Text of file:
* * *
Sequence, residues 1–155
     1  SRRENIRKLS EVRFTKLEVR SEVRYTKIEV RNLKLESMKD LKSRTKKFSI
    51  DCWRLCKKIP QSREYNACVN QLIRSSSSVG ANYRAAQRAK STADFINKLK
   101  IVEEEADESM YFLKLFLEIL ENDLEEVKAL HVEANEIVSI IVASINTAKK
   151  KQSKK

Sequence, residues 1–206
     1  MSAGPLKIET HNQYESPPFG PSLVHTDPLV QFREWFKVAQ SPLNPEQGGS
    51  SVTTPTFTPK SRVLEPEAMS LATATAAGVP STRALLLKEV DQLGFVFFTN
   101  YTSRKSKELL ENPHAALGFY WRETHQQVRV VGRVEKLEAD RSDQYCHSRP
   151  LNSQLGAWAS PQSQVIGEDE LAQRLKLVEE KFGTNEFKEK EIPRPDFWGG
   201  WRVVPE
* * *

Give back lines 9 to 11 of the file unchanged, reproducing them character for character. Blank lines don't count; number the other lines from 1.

   101  YTSRKSKELL ENPHAALGFY WRETHQQVRV VGRVEKLEAD RSDQYCHSRP
   151  LNSQLGAWAS PQSQVIGEDE LAQRLKLVEE KFGTNEFKEK EIPRPDFWGG
   201  WRVVPE